Modern buildings are designed to withstand the forces of earthquakes. But what about gingerbread houses?
That’s what a group of engineering students sought to discover on Wednesday, as they put their holiday structures to the test in the Department of Civil and Environmental Engineering’s Earthquake Engineering Center.
“It’s just an incredibly nerdy approach to building gingerbread houses,” said Sarah Casey, a junior civil engineering major, who organized the first event of its kind for the Northeastern student chapter of the American Society of Civil Engineers. The group plans for the event to become an annual tradition.
The friendly competition was just what a few dozen students needed to take a break from their busy academic schedules at the end of the semester. Four teams spent last Friday constructing their gingerbread houses of graham crackers, reinforcing them with ingredients like pretzels, marshmallow fluff and candy.
For the competition, the students used the College of Engineering’s earthquake simulator, a shaker table that mimics seismic forces. The lab is run by Mishac Yegian, a Distinguished Professor in the College of Engineering.
The four houses were judged on creativity, craftsmanship, height and stability. One was subject to jokes almost immediately after it started to collapse prior to the competition.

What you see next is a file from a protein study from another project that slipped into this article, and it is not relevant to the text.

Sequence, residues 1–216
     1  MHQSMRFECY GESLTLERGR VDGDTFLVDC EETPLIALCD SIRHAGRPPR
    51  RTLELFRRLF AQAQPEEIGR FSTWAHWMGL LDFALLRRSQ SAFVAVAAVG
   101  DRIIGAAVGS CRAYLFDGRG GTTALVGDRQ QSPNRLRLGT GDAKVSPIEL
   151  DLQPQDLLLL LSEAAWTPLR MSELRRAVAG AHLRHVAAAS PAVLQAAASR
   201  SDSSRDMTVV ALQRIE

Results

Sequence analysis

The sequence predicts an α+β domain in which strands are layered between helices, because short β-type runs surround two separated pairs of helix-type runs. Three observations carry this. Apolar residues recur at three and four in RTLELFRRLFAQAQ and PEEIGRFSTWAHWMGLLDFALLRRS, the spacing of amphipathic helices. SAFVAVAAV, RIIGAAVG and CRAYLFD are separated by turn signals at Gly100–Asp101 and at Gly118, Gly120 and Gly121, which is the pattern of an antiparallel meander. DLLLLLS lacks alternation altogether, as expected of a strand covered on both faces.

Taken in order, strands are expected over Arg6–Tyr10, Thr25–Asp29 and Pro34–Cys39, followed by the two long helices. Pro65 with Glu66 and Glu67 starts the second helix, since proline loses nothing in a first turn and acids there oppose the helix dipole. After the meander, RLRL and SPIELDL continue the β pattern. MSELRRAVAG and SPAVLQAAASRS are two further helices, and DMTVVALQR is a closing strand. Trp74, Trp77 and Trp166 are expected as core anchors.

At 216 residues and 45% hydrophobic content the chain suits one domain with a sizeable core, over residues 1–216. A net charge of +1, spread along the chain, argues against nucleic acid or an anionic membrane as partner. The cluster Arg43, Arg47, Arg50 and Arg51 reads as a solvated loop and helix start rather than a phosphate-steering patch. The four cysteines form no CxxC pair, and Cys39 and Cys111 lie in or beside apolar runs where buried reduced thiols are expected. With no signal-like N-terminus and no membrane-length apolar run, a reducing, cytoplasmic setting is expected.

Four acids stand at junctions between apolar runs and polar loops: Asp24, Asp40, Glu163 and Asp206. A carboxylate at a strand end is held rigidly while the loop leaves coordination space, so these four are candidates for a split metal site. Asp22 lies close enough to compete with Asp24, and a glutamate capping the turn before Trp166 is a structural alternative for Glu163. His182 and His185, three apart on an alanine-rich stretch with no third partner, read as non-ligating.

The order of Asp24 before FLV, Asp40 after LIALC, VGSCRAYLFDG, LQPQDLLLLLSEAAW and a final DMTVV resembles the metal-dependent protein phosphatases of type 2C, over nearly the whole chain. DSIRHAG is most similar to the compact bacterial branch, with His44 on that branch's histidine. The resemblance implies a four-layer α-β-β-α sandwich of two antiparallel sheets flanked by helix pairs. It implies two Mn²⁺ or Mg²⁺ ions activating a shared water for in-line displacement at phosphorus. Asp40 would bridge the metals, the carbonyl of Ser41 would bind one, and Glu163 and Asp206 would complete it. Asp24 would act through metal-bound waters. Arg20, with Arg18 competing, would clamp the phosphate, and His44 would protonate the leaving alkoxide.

“Uh-oh — this looks like Frank Gehry architecture,” joked Yegian, referring to the world-renowned architect. “If you don’t know anything about Frank Gehry architecture, Google it! He builds structures that look like they had already collapsed.”
One house, modeled after a clock tower, was pegged early on by the crowd as the most likely to fall first. But for the majority of the competition, it held steady — as did the other three structures.
All four were first subjected to increasing forces modeled after real-life earthquakes. Then, when those forces failed to bring them down, the gingerbread houses were treated to stronger harmonic forces that violently shook the tables until the houses collapsed to the floor of Yegian’s lab.
“Everybody did so well with this,” said Bob Tillman, an associate professor of engineering who attended the competition to root on his students. “We’ll have to make this much harder next year.”